In other words, by choosing power from either the market, a portfolio of wind and biomass, or some mix of all three, the cost of power is likely to be in the 7-8-cents-per-kilowatt-hour range. If efficiency efforts successfully reduce the amount of power to be replaced, however, this cost would probably fall into the 6-to-7-cent range.

Electricity accounts for only about half of our electric bills (the remainder being distribution, transmission, overhead, etc.), and Vermont Yankee represents only about one-third /3 of Vermont’s electricity. So if Vermont Yankee were offering power at 4.5 cents after relicensing, and if we assumed a portfolio consisting of some mix of efficiency, biomass, wind and market based power (costing on average somewhat less than 7 cents overall), the rate increase for commercial and residential customers would be in the 5 percent range.

Remember, though, that this assumes that Vermont Yankee is offering power in a new contract at the old price of 4.5 cents. If this were the case, however, is it probable that the utilities have missed four contract deadlines and still be haggling?

We cannot know with any precision what options the utilities will choose, but we can now see that, regardless of their choice, the consequences to Vermont ratepayers are unlikely to be dramatic if Vermont Yankee shuts down in 2012. Indeed, depending on what rate is ultimately offered to Vermont ratepayers, there may be no impact at all.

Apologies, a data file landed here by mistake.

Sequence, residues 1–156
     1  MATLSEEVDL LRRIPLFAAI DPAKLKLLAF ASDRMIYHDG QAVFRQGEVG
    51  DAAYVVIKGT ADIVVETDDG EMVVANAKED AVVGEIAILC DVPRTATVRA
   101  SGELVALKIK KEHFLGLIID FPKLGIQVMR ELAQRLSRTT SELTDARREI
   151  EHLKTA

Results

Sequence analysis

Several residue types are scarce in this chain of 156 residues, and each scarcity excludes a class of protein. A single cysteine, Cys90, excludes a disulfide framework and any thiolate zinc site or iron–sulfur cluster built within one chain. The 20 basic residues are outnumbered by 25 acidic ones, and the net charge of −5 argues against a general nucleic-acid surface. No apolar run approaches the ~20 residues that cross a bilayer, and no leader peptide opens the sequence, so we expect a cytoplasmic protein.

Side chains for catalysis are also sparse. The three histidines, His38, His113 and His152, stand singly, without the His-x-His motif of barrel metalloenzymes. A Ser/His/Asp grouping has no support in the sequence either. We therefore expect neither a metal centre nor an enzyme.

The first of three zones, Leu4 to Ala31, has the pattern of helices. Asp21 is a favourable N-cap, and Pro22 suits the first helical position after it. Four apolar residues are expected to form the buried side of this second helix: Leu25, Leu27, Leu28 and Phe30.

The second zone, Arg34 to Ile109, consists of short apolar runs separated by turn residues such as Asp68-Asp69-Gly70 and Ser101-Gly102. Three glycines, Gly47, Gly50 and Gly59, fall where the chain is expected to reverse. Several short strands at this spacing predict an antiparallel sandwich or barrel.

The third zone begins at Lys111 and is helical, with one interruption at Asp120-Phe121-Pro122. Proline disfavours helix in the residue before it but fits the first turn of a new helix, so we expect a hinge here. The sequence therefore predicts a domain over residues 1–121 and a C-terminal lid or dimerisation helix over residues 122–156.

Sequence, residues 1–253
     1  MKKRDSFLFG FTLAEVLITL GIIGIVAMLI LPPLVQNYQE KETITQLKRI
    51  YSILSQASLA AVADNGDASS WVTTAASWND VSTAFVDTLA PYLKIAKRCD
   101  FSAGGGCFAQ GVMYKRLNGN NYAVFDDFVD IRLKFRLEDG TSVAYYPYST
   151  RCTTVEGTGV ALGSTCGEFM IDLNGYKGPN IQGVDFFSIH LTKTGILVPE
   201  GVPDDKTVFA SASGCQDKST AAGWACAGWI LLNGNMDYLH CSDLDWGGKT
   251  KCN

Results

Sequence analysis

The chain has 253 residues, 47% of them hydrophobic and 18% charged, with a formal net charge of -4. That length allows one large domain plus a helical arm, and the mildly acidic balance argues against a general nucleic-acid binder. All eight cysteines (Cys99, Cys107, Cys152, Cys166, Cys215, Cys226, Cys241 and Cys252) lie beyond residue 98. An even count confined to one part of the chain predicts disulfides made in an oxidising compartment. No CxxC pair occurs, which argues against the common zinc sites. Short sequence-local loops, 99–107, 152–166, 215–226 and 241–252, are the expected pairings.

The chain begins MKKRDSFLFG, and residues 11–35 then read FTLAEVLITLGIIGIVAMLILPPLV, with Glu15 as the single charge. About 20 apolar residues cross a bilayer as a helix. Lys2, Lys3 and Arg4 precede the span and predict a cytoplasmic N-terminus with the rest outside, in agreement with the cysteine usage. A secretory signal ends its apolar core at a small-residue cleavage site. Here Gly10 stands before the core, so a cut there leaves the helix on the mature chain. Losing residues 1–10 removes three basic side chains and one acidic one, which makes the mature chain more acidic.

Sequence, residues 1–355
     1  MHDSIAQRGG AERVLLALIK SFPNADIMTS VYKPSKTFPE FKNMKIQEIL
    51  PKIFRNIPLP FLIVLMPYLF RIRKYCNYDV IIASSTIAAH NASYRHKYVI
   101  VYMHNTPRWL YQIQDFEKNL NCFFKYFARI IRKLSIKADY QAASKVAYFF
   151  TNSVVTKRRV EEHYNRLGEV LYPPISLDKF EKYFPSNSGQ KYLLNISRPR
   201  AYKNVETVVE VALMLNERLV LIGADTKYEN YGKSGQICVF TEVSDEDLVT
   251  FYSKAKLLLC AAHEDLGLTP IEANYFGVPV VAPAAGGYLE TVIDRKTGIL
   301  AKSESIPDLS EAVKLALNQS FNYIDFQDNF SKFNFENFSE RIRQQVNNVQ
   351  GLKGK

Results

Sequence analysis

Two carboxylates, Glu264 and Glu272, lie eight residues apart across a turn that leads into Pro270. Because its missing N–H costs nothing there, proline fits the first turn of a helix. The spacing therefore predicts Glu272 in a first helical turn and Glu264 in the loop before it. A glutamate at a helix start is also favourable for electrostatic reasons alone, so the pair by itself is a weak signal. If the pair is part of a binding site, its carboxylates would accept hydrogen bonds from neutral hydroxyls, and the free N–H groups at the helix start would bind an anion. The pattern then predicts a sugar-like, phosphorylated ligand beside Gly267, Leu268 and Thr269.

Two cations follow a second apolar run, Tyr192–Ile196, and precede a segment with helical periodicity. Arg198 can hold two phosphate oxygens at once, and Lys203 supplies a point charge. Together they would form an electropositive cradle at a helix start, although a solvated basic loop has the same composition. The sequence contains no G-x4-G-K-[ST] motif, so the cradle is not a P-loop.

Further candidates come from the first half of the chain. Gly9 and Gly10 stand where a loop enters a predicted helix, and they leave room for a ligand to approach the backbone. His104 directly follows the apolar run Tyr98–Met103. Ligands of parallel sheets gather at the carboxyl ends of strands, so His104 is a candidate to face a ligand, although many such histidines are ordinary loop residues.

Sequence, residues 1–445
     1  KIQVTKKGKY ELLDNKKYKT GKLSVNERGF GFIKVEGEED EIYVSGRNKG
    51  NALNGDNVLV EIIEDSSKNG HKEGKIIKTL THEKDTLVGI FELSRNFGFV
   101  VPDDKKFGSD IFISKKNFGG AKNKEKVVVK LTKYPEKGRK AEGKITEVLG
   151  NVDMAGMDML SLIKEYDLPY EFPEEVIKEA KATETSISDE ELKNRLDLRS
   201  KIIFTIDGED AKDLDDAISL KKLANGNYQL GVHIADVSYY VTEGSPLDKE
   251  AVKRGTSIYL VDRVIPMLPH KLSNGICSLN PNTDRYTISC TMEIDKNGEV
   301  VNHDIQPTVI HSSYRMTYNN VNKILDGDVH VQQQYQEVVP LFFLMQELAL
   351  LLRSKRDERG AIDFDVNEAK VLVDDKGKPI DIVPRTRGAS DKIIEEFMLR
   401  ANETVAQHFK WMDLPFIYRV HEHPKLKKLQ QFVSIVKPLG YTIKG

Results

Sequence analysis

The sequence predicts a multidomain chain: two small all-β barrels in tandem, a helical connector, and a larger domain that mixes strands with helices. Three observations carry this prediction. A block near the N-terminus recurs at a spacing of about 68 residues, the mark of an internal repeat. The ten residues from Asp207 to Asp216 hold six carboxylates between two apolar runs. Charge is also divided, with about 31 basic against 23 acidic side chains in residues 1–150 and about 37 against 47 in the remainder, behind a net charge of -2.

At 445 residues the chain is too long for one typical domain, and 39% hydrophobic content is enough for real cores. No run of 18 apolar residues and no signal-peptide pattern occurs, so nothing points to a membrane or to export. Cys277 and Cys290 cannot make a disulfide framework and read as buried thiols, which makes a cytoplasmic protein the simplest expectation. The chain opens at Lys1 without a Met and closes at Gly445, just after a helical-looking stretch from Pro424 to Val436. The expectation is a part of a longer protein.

In sum, alternative sources are readily available, in plenty of time to replace Vermont Yankee when its current license expires. Efficiency efforts should be maximized, because efficiency is the cheapest available source, creates the least environmental damage of any kind, and creates more jobs (per megawatt) than either Vermont Yankee or many alternative generating sources. Development of in-state renewable resources also creates good jobs for Vermonters. In addition, both wind and biomass are greenhouse gas neutral.

Depending on the amounts of in-state renewables which are chosen, bringing some projects on line may take longer than the 2-plus years now remaining before Vermont Yankee’s license expires. Having spoken to many sources, I was told to expect a five-to-six-year period from inception to power production, due mostly to the permitting and appeals process. However, it is important to note that a number of projects have gone part or even most of the way through this process already. To the extent that any gap remains, there is plenty of similarly priced power available in the region to fill any temporary gaps.

We can and should allow Vermont Yankee to retire when its license expires in 2012 to make way for a new and brighter vision of the Vermont economy. The costs will be minimal; the rewards will be great.

John Greenberg is a resident of Marlboro and owner of The Bear Bookshop in Brattleboro.

Clairifying the problems of Nuclear Power in the Green Mountain State and beyond